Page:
How Do I Prepare For a Colonoscopy?

Without tooting my own horn too much, I have a butt-load of experience with colonoscopies. I’ve been going to the same crack team for over 10 years. So don’t go poo-pooing my advice – it’s based on the experience that many others only get to enjoy a few times in their life.  I used to go to lunch with a few coworkers who were members of the MOTH (Men Over The Hill) club.   They also considered me a member because we could all commiserate together about our health and procedures.

What do you need to know?

#1 – The prep is the worst part (and it’s not horrible).  How else can I say it?  Why do people hate going to the doctor or the dentist?  Anticipation.  Think about a colonoscopy this way – it’s a race and you’re preparing. Instead of carbo-loading, you want to liquid-load.  Drink lots of liquid (as much as you can) during the prep. It makes everything better. And don’t go to a Brazilian steakhouse before the prep and gorge yourself. You can trust me, or just go ahead and try it.

#2 – Follow the instructions. All doctors and hospitals probably do the prep differently.  And I’ve had at least 4 different prep procedures.  The summary (as I know it) is:  No seeds or peels 3 days before the procedure – these can stick to your intestinal walls. Nothing containing artificial red food coloring – your body doesn’t digest those red dyes, and it could look like blood.  Nothing to eat the day before (this was modified by my doctor this year, who allows an easily digestible lunch – i.e. cottage cheese, but your doctor may have different instructions), but you can have as much liquid as you want.  Then, that evening, you’ll start the actual prep. Don’t start it at work (like a coworker I know did).  Be comfortable at home, and wear sweatpants. Buttons and belts are bad news. Before you know it, it’s bedtime!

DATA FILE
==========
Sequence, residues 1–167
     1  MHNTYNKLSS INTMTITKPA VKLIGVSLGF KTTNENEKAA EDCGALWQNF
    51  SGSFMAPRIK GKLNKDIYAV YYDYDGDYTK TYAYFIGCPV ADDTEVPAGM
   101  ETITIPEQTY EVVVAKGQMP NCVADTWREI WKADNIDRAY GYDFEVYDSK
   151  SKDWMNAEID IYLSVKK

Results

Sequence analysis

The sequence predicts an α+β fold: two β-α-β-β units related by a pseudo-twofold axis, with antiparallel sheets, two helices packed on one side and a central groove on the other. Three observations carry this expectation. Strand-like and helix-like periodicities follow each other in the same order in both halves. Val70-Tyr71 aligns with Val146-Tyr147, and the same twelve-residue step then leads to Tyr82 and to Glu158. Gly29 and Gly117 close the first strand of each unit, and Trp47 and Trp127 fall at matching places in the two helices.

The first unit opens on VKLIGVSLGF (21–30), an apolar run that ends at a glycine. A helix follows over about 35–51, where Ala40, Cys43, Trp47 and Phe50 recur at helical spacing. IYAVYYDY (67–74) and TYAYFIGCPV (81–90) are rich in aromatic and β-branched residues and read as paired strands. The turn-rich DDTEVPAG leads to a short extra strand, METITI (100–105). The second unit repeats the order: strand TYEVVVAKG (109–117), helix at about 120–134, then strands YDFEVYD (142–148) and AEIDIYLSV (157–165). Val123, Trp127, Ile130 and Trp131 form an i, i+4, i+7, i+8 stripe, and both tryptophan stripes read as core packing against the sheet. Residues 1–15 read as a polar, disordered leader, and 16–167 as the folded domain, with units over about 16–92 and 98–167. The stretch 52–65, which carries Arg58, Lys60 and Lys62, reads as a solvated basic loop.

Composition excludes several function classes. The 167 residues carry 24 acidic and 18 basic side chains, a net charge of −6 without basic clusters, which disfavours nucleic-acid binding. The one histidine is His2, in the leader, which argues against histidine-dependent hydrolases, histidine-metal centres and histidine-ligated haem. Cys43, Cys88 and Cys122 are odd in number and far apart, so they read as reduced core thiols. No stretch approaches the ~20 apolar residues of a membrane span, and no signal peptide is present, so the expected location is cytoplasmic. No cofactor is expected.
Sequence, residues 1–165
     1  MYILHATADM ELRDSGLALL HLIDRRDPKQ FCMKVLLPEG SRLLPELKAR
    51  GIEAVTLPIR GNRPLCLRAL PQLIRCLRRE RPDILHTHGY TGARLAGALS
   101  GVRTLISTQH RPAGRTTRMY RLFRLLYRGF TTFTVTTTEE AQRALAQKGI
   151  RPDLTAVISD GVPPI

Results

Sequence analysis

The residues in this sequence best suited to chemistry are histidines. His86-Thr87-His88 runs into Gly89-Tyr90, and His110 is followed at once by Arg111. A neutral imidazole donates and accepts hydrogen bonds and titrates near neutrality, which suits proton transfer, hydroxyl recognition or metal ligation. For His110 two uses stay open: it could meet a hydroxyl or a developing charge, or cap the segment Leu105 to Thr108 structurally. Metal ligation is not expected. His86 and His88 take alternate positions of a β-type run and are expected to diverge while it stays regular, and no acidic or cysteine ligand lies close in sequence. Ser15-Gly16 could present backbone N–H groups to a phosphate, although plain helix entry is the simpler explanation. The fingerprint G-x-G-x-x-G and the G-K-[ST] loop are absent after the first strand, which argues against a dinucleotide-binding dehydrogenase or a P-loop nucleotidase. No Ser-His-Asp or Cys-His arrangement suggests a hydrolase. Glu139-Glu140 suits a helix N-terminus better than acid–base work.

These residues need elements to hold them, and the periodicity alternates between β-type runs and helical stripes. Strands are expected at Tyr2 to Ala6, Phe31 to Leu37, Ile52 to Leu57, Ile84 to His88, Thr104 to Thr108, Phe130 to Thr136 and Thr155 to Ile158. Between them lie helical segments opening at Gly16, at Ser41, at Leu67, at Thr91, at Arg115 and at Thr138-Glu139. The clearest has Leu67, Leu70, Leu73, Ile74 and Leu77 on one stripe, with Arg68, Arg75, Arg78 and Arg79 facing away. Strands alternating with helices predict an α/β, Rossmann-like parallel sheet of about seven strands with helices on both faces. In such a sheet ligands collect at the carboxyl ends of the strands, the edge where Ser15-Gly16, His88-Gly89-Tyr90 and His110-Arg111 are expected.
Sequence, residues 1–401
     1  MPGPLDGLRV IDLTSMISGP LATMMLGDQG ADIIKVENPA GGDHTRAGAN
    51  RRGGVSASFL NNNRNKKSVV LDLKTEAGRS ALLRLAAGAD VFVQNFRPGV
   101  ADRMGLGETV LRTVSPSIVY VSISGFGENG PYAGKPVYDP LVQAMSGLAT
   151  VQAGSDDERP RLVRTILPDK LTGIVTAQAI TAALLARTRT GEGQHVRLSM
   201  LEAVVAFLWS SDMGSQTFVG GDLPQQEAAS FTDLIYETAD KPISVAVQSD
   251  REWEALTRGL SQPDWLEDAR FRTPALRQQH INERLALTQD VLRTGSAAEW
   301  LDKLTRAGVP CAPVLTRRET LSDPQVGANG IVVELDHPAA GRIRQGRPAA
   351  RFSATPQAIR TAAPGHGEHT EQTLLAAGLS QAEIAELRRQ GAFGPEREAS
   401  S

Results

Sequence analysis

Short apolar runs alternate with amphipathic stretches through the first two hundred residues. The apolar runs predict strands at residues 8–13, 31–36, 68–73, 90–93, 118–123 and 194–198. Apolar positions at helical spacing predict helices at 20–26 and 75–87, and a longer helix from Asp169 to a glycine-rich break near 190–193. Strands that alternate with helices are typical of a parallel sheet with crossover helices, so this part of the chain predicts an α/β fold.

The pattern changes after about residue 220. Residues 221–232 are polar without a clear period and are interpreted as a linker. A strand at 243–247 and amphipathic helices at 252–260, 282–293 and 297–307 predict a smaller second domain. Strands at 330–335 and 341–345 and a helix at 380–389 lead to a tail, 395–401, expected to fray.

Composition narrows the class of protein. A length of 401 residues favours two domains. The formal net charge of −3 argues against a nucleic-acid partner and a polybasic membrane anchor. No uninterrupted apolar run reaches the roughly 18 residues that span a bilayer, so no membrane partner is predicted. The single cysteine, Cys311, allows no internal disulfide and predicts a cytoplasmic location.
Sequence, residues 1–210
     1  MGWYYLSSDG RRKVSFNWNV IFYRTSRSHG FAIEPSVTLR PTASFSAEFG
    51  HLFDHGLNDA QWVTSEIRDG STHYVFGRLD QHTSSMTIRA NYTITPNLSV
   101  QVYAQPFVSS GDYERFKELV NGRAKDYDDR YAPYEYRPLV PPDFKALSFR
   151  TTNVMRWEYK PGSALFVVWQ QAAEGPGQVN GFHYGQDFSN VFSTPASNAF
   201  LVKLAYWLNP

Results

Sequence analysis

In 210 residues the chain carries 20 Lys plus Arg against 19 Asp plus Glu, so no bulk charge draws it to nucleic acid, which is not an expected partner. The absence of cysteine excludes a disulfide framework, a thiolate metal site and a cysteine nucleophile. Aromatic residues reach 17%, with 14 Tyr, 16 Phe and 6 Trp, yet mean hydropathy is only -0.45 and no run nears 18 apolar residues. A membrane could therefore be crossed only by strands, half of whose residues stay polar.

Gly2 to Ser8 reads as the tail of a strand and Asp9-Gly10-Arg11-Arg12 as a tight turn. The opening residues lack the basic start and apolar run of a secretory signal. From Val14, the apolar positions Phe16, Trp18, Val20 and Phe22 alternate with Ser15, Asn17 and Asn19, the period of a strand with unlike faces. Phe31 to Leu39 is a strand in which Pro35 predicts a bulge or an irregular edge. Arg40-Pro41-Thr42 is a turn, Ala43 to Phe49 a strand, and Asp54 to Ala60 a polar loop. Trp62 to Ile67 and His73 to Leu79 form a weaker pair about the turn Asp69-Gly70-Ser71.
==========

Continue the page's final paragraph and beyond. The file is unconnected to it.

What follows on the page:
#3 – You can always opt out of anesthesia. But why would you? I’ve heard some people try to do this, and they end up asking for the anesthesia during the procedure. I have also been half awake for it one time and I didn’t like it. I felt like I was in the movie Alien. A former co-worker used to have the procedure without any drugs, but I also think he ate rocks for breakfast and rode a mule to work – he gave Chuck Norris a run for his money. They have changed the anesthesia over the years, and the recent preference seems to be Propofol. You may recognize the drug from following Michael Jackson’s death and subsequent trial on the news.  Rest assured – I brought it up to the anesthesiologist the last time I went in and they explained that it should never be used without significant supervision – something Michael Jackson could have used. You can try to be like Chuck Norris, but I prefer a quick snooze while they’re doing their business.

#4 – Recovery is quick – I’m told (and read) that propofol wears off very quickly and from my experience I say it’s true. There’s no nausea, and it’s like waking up in the morning. After 1/2 hour (or less), the hospital is ready to kick you out so they can clear the bed for the next person. It’s really like an assembly line. It’s in the hospital’s best interest that they give you a medication with little to no side effects and quick recovery so they can maximize the number of colonoscopies. And, by the way, ensure that you have a healthy colon tract.  And when you get home, you’ll hang out but feel like you can do almost anything – but don’t go signing legal papers, or operate heavy machinery, etc.

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